As if paying for college weren’t difficult enough already, a global pandemic and consequent economic crisis have now been laid on top of that. Unfortunately, many families are finding that their ability to finance college has changed — drastically. So, the question arises — is now the time to be asking for additional financial aid?
“Absolutely,” says Mark Kantrowitz, Publisher and VP of research at SavingforCollege.com. “Approximately 40 million Americans have filed for unemployment. Assuming proportionality, 2 million college parents have now lost their jobs, been furloughed, or experienced pay cuts — all of which affect your ability to pay for college.” Job loss or decrease in income are the prototypical examples of “special circumstances” — reasons why one should appeal.
Remember, schools use your financial information from 2018 (two whole years ago!) to create your financial aid package for 2020. “A lot of people’s circumstances will have changed dramatically since then. But the school has no way of knowing that, so you have to tell them,” asserts Joe Messinger, CFP, partner and director of College Planning at Capstone Wealth Partners, and CEO of College Aid Pro.
Whenever special circumstances arise — and discretionary lifestyle choices don’t count — do not be afraid to appeal. “You can appeal for more aid at any time. You can appeal multiple times a year if you have multiple special circumstances,” says Kantrowitz.
Just keep in mind that any additional aid you win on a need-basis won’t be because of your bargaining skills, but rather because the school deems your special circumstances merit an adjustment to the FAFSA data elements. (That’s right, you’ve got to fill out the FAFSA. But don’t fret, it won’t take long.) “The college can make adjustments, but it will need updated information from you,” explains Kantrowitz. Here’s the nitty gritty of that process.
WHERE TO START
So you’ve identified your special circumstances and realized it’s time to appeal for more aid. The first thing Messinger asks: “Do you have an advocate at the college?” If you’re an incoming freshman, you might have an admissions counselor you’ve worked with closely, someone at the school who can be your advocate. “Connect with them first,” says Messinger.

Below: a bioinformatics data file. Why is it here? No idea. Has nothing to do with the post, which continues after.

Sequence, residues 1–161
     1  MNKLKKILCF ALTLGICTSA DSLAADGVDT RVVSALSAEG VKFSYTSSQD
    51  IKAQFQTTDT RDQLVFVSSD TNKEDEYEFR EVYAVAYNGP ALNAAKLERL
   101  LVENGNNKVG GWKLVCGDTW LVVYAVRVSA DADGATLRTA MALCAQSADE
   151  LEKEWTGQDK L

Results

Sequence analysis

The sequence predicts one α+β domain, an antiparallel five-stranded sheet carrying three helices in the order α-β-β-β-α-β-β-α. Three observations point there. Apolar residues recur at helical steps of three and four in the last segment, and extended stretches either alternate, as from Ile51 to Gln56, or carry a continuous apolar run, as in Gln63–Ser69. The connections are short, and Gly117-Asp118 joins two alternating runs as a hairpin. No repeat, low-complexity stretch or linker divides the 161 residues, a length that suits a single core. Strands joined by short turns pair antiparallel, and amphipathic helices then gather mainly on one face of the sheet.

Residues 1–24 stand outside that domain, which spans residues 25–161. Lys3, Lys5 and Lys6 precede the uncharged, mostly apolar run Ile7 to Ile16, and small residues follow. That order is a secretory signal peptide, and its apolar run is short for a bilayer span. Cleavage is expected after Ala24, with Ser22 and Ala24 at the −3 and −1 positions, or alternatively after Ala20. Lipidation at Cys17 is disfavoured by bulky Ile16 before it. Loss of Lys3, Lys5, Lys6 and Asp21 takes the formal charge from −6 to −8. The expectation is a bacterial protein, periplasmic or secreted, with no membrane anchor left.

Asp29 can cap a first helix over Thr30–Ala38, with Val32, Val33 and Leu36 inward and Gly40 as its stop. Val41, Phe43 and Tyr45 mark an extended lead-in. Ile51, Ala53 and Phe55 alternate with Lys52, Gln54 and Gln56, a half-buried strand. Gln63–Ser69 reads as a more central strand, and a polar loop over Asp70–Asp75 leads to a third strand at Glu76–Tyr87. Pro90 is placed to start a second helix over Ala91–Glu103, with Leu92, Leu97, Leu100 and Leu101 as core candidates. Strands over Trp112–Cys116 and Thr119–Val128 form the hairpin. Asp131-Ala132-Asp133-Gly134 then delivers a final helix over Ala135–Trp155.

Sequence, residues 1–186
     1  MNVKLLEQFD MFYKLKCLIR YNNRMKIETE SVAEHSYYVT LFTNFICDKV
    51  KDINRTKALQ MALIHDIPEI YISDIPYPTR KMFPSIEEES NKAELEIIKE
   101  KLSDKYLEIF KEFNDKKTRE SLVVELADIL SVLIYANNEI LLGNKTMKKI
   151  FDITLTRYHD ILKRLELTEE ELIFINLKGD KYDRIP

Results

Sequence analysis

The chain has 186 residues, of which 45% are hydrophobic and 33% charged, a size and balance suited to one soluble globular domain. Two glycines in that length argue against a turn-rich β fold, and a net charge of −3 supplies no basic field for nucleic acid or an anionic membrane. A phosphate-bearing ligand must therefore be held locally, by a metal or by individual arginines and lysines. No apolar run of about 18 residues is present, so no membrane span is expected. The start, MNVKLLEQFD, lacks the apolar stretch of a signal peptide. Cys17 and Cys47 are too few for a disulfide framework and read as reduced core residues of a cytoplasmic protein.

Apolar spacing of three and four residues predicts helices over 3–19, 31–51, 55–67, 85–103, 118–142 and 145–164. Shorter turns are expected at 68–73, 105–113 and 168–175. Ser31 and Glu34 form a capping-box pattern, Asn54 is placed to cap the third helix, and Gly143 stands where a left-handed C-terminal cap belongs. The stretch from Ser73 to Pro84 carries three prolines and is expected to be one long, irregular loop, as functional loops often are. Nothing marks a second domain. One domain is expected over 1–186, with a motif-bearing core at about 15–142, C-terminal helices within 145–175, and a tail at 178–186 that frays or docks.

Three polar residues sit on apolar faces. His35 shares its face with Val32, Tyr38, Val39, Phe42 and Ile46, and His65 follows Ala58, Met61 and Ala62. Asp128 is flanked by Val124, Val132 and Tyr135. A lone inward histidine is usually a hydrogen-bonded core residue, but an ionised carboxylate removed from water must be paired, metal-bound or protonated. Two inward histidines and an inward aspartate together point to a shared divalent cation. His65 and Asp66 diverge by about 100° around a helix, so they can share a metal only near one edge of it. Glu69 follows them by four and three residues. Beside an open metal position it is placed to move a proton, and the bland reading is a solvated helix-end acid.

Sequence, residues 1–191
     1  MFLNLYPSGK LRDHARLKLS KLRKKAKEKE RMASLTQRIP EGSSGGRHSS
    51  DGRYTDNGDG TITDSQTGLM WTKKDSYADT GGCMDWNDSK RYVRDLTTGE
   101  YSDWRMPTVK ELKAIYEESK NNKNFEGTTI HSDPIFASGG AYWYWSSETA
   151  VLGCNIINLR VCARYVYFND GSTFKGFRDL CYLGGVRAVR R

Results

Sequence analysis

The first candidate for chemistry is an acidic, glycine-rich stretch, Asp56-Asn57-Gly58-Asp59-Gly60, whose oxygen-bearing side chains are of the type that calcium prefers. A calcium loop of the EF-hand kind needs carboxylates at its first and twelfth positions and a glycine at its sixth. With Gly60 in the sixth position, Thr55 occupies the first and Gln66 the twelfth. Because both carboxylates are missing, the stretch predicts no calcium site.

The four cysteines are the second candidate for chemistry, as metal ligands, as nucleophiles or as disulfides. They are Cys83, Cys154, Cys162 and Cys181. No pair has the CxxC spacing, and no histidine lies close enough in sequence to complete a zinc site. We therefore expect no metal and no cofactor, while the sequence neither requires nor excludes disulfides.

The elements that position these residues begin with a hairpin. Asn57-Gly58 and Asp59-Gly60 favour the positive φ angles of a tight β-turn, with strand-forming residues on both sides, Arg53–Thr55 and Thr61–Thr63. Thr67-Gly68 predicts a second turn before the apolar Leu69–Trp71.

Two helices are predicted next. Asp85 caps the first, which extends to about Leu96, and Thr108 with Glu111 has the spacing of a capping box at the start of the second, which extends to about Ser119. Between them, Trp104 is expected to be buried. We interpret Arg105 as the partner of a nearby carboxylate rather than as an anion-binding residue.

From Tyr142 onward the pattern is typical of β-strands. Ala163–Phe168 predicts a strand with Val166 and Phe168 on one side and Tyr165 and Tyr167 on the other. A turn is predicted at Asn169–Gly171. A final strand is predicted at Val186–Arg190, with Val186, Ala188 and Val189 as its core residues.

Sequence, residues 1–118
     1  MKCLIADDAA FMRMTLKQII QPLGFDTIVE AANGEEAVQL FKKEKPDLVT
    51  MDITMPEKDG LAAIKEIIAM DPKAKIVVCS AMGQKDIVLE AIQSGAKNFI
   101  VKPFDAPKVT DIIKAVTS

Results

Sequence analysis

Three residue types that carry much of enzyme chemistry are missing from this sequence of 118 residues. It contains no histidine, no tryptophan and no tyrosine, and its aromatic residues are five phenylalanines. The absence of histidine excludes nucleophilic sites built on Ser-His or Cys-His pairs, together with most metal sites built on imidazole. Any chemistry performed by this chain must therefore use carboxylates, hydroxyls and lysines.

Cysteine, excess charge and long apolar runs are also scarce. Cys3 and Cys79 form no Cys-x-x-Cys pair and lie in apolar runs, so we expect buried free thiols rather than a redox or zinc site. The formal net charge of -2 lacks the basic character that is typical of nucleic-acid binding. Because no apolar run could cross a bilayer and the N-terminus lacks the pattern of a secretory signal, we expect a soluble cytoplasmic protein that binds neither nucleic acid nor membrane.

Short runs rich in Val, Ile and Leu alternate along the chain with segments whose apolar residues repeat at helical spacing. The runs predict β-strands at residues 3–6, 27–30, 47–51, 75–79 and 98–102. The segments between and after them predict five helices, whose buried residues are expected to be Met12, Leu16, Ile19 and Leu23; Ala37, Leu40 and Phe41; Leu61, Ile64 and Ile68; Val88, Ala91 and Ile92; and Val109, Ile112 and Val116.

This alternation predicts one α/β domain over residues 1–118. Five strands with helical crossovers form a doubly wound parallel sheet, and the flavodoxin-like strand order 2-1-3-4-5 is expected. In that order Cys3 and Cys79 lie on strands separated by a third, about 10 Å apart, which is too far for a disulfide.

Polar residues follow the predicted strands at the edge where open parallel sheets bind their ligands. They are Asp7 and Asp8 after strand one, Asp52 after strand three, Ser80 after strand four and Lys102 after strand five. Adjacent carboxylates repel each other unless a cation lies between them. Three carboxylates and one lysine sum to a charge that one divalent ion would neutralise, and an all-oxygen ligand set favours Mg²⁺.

You’ll have to check in with college to find out how to appeal for financial aid (it differs per school). This can be a phone call, but Kantrowitz recommends sending an email. The college will ask you to complete the FAFSA. “That’s the baseline from which they work.”
THE APPEAL LETTER
Next, most colleges will ask you to write an appeal letter. This is where you will summarize your special circumstances. “I suggest including a bulleted list, one bullet per circumstance,” advises Kantrowitz. “There will likely be more than one because when it rains it pours.” For each special circumstance you’ll need to clearly explain: what is the financial impact on the family?
Keep in mind: the letter should not tell your life story. “Keep it short. Focus on the relevant circumstances. If you’re telling a story that starts ten years ago, that’s probably too much information,” says Kantrowitz.
A common question: Should I be asking for a specific amount of money in my appeal letter? Kantrowitz advises against this. “Asking for a specific dollar amount can actually reduce the amount of aid you receive, not increase it.” Here’s why: if you ask for a specific dollar amount, and it is less than the amount that they calculate you need, many colleges will simply take you at your word and give you a lower amount.
However, you may include a competing offer from a comparable, “apples to apples” college and see if your targeted school can offer you a better price. It can’t hurt to do this, says Kantrowitz, so long as you’re polite about it. “There’s no appeal beyond the administrator, so you need to be polite.”
To validate your special circumstances, you’ll need to provide proper documentation. This means compiling independent, third-party documentation of the special circumstances. You might include things like a termination letter, medical bills, and bank statements. Be sure to send copies, not originals. “The school can’t make an adjustment without the documentation… But once they have it, they can go full-speed ahead. And they usually process it pretty quickly,” notes Kantrowitz.
HOW COLLEGES ARE RESPONDING
Colleges’ budgets are squeezed right now, so you might think they’d be less likely to negotiate with you… but that’s not necessarily the case. “We know that across the board, it’s highly unlikely that the majority of international students are coming back anytime soon. Colleges need to fill those seats. Because of this, we see more generosity with financial aid because they need to draw students to their school versus other schools,” explains Messinger.
During these unprecedented times, schools are stepping up. They want to understand your current circumstances, so it’s up to you to communicate them. “For people who are persistent and able to provide the proper documentation about what’s changed, schools really do want to make sure you get a fair package based on what’s really happening.”
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